Can Shared Platforms Build Sustainability in the Non-profit Sector? Comparing Practitioner Perceptions of Organizational Experience in Non-profit Organizations and Platform Projects
This thesis explores practitioner perceptions of operational and structural experiences of non-profit organizations (NPO) and platform projects (PP) to develop an understanding of how a shared platform governance model can build resiliency and sustainability in non-profit organizations. The objectives of this research are to 1) develop an understanding of NPO and PP operational and structural experiences based on qualitative interviews with practitioners; 2) analyze how a PP model can address challenges facing the NPO sector; and 3) based on a thorough analysis of current literature and research findings, recommend a model that addresses these challenges and builds sustainability in NPOs. A grounded inductive approach was used to identify a thematic narrative. The process was iterative, working between existing literature and interview data. Interviews with eight NPO practitioners and eight PP practitioners revealed four narrative theme areas: Financial, Funder, Organizational, and Emotional Tone. The results document several ways a PP model can provide opportunities to address the perceived funder and organizational challenges of small NPOs. Keywords: non-profit organizations, collaboration, innovation, governance models, shared platform, platform projects Author Keywords: governance model , innovation , non-profit organizations , organizational resilience, shared platform, Sustainability
Cluster Approach Applied to the One-Dimensional Anderson-Hubbard Model
S. Johri and R. Bhatt developed a real-space renormalization group approach aimed at extracting the localized single-particle eigenstates of the Anderson model from a large system by identifying clusters of resonant site potentials. E. Campbell generalized this real-space renormalization group approach using standard perturbation theory. Both approaches were intended to approximate the single-particle density of states of the Anderson model. In this thesis, we aimed to test the potential of applying a similar real-space renormalization group approach to calculate the density of states of the interacting Anderson-Hubbard model. Our interest in the density of states of this model is due to a V-shaped zero-bias anomaly in two-dimensional systems. A real-space renormalization group approach is best applied to a one-dimensional system. We found that the zero-bias anomaly is not V-shaped in one-dimension. To test the potential of a real-space renormalization group approach, we used the cluster approach which is the same as the non-interacting renormalization group approach but without the perturbation theory and found that for strong disorder this technique could accurately calculate the density of states over a wide range of energies but deviated from exact results at the band edge, at $\omega=\pm U$ and near $\omega=0$. The first two inaccuracies will be reduced with a proper real-space renormalization group approach. We suspect that the last inaccuracy is associated with long range physics and may be difficult to recover. We also developed a technique that adjusts the identification of clusters in the cluster approach to improve the computation time of the density of states with minimal loss of accuracy in a tunable range around the Fermi level. We found that this technique significantly reduced the computation time and was able to preserve the density of states near the Fermi level, except at the smallest energies near $\omega=0$. Author Keywords: Anderson-Hubbard model, renormalization group, Strong electron correlations, Zero-bias anomaly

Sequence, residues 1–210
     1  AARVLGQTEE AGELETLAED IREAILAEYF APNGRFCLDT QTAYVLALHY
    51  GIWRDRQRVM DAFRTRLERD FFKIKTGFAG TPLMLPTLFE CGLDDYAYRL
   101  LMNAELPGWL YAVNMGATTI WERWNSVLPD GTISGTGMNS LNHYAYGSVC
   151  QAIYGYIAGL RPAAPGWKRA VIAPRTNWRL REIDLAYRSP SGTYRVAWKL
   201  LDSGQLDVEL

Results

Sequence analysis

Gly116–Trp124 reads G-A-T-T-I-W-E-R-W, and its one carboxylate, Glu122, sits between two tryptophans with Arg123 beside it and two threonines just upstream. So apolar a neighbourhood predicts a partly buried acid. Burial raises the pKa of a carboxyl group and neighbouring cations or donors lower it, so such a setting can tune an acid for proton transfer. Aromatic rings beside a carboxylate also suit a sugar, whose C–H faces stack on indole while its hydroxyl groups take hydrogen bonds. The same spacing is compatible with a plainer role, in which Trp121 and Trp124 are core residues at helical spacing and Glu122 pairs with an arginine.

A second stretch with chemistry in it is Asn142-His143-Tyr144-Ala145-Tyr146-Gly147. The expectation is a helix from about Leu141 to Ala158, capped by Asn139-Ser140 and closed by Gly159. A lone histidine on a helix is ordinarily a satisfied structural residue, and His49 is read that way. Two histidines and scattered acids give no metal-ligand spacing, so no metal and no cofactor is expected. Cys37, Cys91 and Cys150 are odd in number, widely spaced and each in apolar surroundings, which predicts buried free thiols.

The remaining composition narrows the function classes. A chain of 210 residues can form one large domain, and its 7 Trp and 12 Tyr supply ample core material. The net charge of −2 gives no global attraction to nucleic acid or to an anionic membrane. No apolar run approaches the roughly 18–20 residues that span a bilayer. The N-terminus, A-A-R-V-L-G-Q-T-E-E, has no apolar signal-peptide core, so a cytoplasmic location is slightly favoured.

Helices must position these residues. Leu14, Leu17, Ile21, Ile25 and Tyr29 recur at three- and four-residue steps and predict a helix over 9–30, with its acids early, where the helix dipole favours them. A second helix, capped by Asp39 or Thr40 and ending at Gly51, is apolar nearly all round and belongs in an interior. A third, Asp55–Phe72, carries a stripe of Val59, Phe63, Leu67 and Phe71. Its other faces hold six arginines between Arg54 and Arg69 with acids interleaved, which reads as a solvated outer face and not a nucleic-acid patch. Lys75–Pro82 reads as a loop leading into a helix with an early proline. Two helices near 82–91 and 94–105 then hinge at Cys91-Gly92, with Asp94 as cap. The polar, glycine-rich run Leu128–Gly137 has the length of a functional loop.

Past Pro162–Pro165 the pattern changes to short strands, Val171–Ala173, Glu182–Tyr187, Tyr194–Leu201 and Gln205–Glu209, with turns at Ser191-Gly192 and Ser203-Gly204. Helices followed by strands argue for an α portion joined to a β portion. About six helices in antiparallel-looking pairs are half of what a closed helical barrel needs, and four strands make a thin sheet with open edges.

Critical Topographies of two films
The following thesis is a work in Critical Topography that choses as its site of study two documentary films. The films being studied are El Sol del Membrillo by Victor Erice and Rivers and Tides by Thomas Riedelsheimer. My approach to critical topography in the thesis is twofold: first, I have traced the topical motifs that have appeared to me as I looked at the two films; second, I have translated the films into writing –with the purpose of creating a sourcebook for my analysis- thus bounding the visual content of the films into the delineated space of the written word. I have sought in my analysis to make visible the numerous conceptual, aesthetic, and philosophical notions that are repeated in each film. These notions include materiality, formal operations, temporality, memory, and failure. All of which are ideas that find expression - despite their significant differences - in both documentary films. Author Keywords: Art, Critical Topography, Film Studies, Land Art, Painting, Time